How to Get Rid of Chives in a Garden

Updated February 21, 2017

Wild onions (Allium canadense) are the chives that sometimes appear in your garden bed and lawn in late winter to early spring. The cool-season perennials smell and taste like the chives you buy at the store and are edible if you don't spray them with herbicides. The plants release a pungent onion smell. If you prefer buying your chives at the market and enjoying a landscape that displays only the plants you choose to grow, take a few steps to eliminate chives from your garden.

Dig around the base of individual chive clumps with a shovel or trowel. Push the blade deep into the ground to reach under the root system. Pull the whole plant out, taking some of the surrounding topsoil with the chives. Refill the hole with weed-free soil from a reputable source.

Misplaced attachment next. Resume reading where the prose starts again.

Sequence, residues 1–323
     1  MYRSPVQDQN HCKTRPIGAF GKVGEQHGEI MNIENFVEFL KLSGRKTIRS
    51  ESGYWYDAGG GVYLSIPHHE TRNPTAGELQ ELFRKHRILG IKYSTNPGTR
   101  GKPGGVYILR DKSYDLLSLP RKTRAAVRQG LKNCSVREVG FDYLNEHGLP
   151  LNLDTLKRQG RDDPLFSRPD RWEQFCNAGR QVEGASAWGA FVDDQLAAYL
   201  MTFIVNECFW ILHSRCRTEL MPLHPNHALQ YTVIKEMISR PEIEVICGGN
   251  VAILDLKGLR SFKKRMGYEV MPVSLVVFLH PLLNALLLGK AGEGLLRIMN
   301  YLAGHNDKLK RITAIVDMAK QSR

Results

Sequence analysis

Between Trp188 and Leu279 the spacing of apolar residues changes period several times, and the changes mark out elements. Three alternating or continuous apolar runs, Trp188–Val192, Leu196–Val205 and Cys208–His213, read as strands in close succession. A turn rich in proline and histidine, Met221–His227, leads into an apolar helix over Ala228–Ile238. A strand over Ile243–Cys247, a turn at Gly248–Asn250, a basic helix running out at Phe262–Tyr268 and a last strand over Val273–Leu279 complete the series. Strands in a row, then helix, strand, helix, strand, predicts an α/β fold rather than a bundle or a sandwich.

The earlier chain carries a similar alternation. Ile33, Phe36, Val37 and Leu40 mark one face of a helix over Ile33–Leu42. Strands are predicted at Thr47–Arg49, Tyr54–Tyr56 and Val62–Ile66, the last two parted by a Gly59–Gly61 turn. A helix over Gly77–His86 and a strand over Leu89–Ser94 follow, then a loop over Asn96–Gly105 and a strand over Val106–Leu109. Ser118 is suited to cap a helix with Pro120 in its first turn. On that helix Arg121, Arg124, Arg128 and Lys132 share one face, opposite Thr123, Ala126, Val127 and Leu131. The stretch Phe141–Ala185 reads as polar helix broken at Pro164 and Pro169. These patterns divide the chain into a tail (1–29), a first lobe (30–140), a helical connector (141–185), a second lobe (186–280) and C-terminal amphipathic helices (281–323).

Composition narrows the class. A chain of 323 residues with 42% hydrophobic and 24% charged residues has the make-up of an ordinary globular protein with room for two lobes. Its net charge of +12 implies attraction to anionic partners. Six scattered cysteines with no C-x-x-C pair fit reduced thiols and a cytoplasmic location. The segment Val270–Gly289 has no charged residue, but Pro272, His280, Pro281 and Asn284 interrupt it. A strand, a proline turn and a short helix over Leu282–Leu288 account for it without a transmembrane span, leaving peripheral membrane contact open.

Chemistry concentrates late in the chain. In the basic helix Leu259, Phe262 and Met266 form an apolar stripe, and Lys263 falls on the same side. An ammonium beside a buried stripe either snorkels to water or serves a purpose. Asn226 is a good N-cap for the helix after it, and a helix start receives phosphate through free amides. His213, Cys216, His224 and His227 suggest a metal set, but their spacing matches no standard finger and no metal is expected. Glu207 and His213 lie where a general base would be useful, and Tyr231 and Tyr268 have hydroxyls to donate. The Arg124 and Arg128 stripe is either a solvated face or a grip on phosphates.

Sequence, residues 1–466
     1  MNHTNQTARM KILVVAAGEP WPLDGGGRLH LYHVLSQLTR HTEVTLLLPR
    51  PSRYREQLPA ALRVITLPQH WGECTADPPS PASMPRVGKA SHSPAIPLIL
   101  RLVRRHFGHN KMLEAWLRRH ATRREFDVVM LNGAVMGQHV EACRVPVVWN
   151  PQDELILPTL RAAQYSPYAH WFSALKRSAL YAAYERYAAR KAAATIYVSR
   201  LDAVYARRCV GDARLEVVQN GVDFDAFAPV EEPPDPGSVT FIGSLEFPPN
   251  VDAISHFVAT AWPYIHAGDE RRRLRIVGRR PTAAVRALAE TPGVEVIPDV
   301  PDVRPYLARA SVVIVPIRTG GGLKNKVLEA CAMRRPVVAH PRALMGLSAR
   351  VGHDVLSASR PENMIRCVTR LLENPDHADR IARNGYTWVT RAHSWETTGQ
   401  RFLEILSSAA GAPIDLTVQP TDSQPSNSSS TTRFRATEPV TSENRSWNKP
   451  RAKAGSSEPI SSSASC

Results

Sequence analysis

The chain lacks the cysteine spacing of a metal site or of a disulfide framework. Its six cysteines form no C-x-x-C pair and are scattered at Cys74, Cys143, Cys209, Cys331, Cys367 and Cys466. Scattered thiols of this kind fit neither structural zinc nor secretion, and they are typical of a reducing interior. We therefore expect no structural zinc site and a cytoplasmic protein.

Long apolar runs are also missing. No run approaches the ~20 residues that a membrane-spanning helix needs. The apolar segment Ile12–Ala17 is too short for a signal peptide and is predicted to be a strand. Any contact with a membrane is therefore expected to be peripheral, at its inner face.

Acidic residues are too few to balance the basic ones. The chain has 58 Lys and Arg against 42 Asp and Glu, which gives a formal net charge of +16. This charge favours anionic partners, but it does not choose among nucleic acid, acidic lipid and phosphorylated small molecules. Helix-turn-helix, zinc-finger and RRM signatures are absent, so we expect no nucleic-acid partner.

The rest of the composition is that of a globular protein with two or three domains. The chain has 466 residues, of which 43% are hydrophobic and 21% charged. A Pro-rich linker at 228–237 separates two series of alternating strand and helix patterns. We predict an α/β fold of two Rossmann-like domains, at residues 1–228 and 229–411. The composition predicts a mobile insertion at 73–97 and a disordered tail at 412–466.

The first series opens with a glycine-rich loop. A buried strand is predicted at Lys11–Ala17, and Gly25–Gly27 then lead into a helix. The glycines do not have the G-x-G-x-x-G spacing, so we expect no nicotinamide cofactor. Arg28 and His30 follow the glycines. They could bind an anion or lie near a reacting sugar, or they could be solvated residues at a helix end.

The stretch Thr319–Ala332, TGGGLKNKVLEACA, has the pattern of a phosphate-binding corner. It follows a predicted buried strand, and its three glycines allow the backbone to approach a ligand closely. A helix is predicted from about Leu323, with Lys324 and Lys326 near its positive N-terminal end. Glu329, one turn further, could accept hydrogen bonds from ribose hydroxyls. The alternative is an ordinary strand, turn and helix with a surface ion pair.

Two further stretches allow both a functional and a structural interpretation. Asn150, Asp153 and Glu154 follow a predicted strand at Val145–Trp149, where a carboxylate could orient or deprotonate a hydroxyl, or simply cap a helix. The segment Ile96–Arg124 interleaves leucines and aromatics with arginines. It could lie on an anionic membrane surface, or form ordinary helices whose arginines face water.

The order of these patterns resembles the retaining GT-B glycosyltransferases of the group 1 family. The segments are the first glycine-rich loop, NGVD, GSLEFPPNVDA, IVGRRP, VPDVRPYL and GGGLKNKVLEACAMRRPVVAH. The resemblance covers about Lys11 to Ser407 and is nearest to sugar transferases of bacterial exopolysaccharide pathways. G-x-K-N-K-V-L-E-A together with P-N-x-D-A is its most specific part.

Cut the garden chives back to the ground with scissors. Continue to snip the plant's tops as they regrow to weaken and keep them from making seeds.

Shield other garden plants against synthetic herbicides with cardboard panels. Spray the chives with a product containing the chemical imazaquin in mid to late fall. Reapply the herbicide according to the manufacturer's label in late winter. Formulas with a combination of 2,4-D, dicamba and mecoprop also kill chives, as do other chemicals. Read the label when selecting a product, and protect the plants you want to keep when applying it.

Things You'll Need

  • Shovel or trowel
  • Topsoil
  • Scissors
  • Cardboard
  • Synthetic herbicide, various options
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About the Author

Emma Watkins writes on finance, fitness and gardening. Her articles and essays have appeared in "Writer's Digest," "The Writer," "From House to Home," "Big Apple Parent" and other online and print venues. Watkins holds a Master of Arts in psychology.